How janitors and secretaries grew pennies into millions

  1. Lived well within their means

There are a few simple rules when it comes to managing your money and a key Golden Rule is to live well within your means and to ignore the Joneses. “Emotional spending can be the death of a family budget where some people will spend beyond their means to keep up appearances,” says Qualified Financial Adviser Frank Conway, founder of MoneyWhizz financial education services.

Case in point: Sylvia Bloom, a legal secretary from New York City that lived in a modest, rent-controlled apartment and worked into her 90s, bequeathed over $8 million local charities. And despite having amassed great wealth, still took the New York subway to work every day, even during some of the worst weather to hit New York City.

While the general rule of thumb is to save between 10 to 20 percent of your income, secret millionaires often put away much more—but they didn’t just save, they also understood the value of money declines over time so they invested their modest incomes to ensure it kept it’s buying power over time.

  1. Invested early and invested often

Secret millionaires know the benefits of being patient when it comes to investing. While this can be a challenge for even the most seasoned investors, those that are determined to build some wealth, even from modest incomes know that patience is a real virtue.

Since 1929, the US stock market has risen by about 8% when inflation is factored in. But other market indices have grown by far more and it is this rule that secret investors use to their advantage. Some secret millionaires held stock for 70 years or more, they stayed firm during the bad times, even buying more company stock when values were low. In fact, secret millionaires often reinvest their dividends which adds to the overall rate of growth over time through accelerated compounding.

  1. Squeezed more from their earning power

Secret millionaires are also inventive when it comes to earning income, after all, this is the original ‘seed money’ to any savings and investments strategy. For example, claiming back taxes on medical expenses and even using the benefits of Rent-a-Room relief (€14,000 per year) are some of the ways it is possible to earn some extra income (remember, this is the Government giving tax back so its free money).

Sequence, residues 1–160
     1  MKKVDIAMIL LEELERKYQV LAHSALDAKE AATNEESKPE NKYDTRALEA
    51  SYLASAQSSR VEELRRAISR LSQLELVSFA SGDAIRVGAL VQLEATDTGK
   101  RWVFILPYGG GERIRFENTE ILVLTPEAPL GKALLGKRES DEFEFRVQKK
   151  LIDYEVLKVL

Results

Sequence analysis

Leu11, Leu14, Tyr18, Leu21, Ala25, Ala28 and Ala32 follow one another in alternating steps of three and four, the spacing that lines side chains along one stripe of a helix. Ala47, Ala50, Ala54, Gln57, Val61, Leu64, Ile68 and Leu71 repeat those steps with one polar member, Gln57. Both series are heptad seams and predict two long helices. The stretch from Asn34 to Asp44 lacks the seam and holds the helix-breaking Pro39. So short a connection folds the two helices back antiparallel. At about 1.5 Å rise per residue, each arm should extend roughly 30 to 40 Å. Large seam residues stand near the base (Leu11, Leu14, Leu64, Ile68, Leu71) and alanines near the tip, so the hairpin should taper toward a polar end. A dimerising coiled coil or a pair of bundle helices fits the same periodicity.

1. Ignored the image hype

Some of the biggest ‘everyday’ expenses people have during their lifetime are clothing and cars. In the case of one secret millionaire in the US Sate of Vermont, Ronald Read drove a used Toyota Yaris and parked at the edge of town thus avoiding the cost of paying for parking. He left over US$8 Million to local charities, wealth he generated from years of successful (and patient) investing.

“The question most people must ask themselves is what their purchase actually provides. Does it provide a need or a want; one may need a car but want a luxury brand and this is where financial loss happens all of the time” said Mr. Conway.

Living in a culture where celebrities are paid handsomely to promote goods and services all of the time, it can be a challenge for some people not to be taken in by the hype. Unfortunately, those are the same people that will never have that little extra cash to invest for the future.

  1. Had excellent financial IQ

Many secret investors took the time to understand the core issues of compounding growth, risk, diversification, the negative impact inflation has on the long-term value of money and so, they invest accordingly. Here in Ireland, many adults struggle with such basic concepts and as a result, make poorer investment decisions. But it is never too late to start and for those in their twenties and thirties, the time is perfect.

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